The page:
There is no surefire way of going vegan. Firstly, sit down and do a mental check of the daily foods that you are now used to. Then, research all the available vegan alternatives that you can consume instead. The idea is to ease into veganism via a sightseeing tour of the world of vegetarianism. Today, vegan products are available in abundance in markets worldwide. Therefore, it is much easier now than ever before to deep dive into this lifestyle.
Unfortunately, Vegans are often mocked by their meat-loving friends and family members. The constant bullying at times convinces aspiring vegans to go back to their meat-consuming ways for the sake of social acceptance. However, developing a thick skin is very important to ward off negative and unsolicited comments. The best thing you can do is to be extra kind to them, take every negative situation, and turn that into a teaching moment. You know why you chose to go vegan, so educate people around you about its benefits. For dealing with the intolerable ones, you are better off ignoring them. As long as you are convinced of your decision to go down this route, you do not need external validation.
But before locking horns with non-vegans, change how you yourself perceive the vegan lifestyle. Instead of framing judgments like - “Vegan food does not taste good” or “Vegan products are too expensive”, try to think of it like “How do I make my vegan meals delicious?” and 'How do I go about finding affordable vegan options?'. Overcoming peer pressure and gaining self-conviction is paramount.
Many vegan influencers talk a lot about instant health improvements upon adopting a strictly plant-based diet. Better skin, better eyes, better digestion, better physical performance - such are the promises made. Not to say these claims aren't valid but it is fairly unrealistic to go through these transformations in a short period. If you remain dedicated to this lifestyle, the results will follow. Also, while newer and better vegan substitutes for animal products will keep cropping up now and then, know that if you have left meat only recently, the vegan options will not satisfy your taste buds right away. You will grow to enjoy these items with time. But do remember, the trade-off for the taste that you are making now is worth the trade-off for animal welfare and saving the environment.
It’s not the case that as a meat-eater you had completely avoided plant-based foods. It likely comprised only a smaller portion of your meals back then. Now, you should focus on having more! Increase your whole foods intake gradually. Fill your plate with a range of seasonal vegetables, fruits, legumes, nuts, and seeds, all of which are easily accessible from farmers’ markets, supermarkets, and bulk stores. Include all colors of the rainbow on your plate to maximize what you get out of your vegan meals. These include red tomatoes for heart-nourishing lycopene; leafy greens for vitamins A, C, and K; blueberries for brain-healthy anthocyanins; oranges and carrots known for Vitamin A, responsible for good eye health. Swap out refined grains such as white pasta and white bread for whole grains such as brown rice, millets, and oats to retain iron and Vitamin B, in addition to fiber and proteins.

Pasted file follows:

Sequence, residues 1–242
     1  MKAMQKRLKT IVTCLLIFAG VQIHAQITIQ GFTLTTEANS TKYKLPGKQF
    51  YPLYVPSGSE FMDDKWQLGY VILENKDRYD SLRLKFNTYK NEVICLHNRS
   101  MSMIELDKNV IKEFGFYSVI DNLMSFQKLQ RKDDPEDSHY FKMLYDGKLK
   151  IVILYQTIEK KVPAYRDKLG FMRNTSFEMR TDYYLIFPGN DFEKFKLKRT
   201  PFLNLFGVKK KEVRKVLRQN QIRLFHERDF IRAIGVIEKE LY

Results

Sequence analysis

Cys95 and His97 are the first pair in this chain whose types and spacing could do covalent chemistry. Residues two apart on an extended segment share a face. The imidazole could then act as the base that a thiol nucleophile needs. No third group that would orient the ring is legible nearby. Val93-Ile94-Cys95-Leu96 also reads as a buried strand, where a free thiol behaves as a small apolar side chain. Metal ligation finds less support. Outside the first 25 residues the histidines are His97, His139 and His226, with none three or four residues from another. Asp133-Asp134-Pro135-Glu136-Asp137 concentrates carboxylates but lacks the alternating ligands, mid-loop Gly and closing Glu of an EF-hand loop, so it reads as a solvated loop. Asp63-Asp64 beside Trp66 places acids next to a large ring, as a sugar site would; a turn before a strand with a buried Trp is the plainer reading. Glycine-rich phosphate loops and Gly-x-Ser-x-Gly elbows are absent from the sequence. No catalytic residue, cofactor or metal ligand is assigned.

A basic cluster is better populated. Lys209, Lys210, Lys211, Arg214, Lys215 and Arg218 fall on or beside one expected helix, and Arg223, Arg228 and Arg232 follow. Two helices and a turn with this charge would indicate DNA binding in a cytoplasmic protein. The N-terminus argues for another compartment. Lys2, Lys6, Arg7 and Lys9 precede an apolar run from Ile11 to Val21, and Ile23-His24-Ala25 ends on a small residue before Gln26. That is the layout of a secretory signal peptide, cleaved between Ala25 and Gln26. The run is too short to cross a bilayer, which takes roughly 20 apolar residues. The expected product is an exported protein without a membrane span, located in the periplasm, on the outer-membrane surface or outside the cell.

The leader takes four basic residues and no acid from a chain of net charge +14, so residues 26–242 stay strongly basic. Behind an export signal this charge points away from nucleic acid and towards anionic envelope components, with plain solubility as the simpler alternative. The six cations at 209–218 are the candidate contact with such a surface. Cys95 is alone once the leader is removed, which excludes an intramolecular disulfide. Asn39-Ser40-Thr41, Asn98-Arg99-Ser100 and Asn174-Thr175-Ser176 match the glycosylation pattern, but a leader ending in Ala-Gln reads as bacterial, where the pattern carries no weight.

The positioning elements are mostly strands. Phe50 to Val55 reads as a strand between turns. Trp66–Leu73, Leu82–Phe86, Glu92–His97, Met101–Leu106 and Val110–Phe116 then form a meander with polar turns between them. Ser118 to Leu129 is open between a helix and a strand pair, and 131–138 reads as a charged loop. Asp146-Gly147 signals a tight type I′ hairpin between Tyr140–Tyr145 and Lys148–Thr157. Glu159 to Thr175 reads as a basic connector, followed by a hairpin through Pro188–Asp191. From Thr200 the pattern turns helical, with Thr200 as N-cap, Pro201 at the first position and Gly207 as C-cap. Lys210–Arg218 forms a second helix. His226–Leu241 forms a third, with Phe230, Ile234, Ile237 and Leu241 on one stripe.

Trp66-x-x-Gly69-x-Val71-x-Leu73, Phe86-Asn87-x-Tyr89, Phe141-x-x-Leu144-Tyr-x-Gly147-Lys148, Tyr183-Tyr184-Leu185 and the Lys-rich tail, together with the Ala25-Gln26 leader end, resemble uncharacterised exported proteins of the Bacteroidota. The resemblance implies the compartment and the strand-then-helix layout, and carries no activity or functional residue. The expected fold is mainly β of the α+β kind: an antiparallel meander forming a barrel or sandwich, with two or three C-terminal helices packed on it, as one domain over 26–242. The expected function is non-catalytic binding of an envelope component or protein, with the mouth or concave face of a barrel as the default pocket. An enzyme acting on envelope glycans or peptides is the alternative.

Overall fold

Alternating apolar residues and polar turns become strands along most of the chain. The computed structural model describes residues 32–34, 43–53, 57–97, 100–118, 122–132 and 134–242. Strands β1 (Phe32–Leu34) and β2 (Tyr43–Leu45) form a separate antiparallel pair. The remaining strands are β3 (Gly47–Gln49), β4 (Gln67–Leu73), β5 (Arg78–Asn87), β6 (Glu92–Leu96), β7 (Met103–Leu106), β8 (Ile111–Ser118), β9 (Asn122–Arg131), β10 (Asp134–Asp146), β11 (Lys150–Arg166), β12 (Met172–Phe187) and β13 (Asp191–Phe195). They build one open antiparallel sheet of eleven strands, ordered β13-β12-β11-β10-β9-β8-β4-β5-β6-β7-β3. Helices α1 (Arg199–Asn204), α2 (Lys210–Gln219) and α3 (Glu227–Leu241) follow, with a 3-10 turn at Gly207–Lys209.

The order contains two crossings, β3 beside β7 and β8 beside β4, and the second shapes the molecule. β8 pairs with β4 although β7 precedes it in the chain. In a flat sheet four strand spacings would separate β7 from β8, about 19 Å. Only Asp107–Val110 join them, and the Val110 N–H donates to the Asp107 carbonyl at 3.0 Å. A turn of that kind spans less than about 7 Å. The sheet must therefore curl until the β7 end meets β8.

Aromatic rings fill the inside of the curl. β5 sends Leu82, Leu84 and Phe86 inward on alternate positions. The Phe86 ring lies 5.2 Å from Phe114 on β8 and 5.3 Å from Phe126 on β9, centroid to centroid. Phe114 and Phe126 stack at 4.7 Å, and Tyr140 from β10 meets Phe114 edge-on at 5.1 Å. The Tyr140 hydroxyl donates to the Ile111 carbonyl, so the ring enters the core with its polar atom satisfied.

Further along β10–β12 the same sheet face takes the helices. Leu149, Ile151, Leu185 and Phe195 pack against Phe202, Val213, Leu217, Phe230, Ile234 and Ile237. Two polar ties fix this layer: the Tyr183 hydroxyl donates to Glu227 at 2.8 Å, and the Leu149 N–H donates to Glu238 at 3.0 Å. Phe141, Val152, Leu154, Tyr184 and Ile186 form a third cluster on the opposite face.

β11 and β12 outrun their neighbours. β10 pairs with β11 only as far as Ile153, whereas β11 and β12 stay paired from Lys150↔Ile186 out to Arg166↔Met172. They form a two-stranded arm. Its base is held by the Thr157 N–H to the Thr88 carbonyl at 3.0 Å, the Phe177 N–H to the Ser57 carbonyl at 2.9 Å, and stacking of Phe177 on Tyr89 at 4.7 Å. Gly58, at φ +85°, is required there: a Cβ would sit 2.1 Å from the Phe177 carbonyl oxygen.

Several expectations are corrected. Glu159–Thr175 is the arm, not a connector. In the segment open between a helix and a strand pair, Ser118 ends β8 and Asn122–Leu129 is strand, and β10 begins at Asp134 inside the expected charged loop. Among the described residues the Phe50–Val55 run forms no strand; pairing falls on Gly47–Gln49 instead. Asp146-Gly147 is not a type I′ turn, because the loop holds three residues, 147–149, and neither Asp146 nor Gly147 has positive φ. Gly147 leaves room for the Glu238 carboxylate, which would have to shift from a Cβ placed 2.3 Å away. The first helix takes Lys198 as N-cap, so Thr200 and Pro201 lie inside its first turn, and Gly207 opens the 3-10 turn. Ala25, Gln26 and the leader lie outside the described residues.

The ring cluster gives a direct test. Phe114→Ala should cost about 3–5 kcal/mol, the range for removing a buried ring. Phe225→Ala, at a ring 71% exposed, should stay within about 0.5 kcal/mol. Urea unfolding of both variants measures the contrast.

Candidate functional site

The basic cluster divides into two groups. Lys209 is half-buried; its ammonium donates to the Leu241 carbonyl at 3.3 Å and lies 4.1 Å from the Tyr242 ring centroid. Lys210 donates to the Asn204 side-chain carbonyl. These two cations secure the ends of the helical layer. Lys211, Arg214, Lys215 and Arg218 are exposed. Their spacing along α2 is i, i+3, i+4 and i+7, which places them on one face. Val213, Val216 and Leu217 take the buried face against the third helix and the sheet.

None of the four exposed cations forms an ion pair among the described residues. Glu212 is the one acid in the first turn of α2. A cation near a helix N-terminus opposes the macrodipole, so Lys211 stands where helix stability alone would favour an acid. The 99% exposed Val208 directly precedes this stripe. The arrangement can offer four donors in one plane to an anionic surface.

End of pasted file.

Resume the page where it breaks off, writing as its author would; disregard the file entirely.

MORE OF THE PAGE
As the vegan community keeps growing, there is an incentive for the food industry to come out with vegan alternatives to meat and dairy products. Animal products are known to provide an ample amount of proteins. To feel just as replenished at the cost of discarding meat altogether, you must make the most out of plant-based proteins. Vegan sources of protein are plentiful - tofu, tempeh, soybeans, lentil, chickpeas, almonds, cashews, and a variety of other seeds. For dairy products such as butter, cheese, milk, and eggs, plant-based dairy substitutes are also easily accessible. For butter - use vegan butter or coconut oil. For cheese - use soy, nut, or tofu-based cheese. There are animal milk alternatives such as soy, almond, rice, or coconut milk as well. And lastly, to get the same nutritional value as from consuming eggs, eat flax eggs, chia seeds, bananas and applesauce instead!
Improve your ingredient detection skills. Despite there being many canned vegan food items, there are often milk and honey derivatives that are found in these packages. Before you decide whether it is okay for you to consume such a product, you must gain some knowledge about these derivatives. Whey, casein, gelatin, and isinglass are the common ones to avoid. Other than these, there are ingredients with scientific names and numbers next to them. These too usually include animal byproducts. You can use websites like this one to check if the additive is vegan or not. That being said, sometimes many vegan products have traces of animal byproducts but still considered to be safe for vegans. It then becomes your decision to consume these or avoid. On the safe side, choosing to buy fresh produce and whole foods over packaged goods will guarantee that you are entirely eliminating animal products and byproducts from your diet.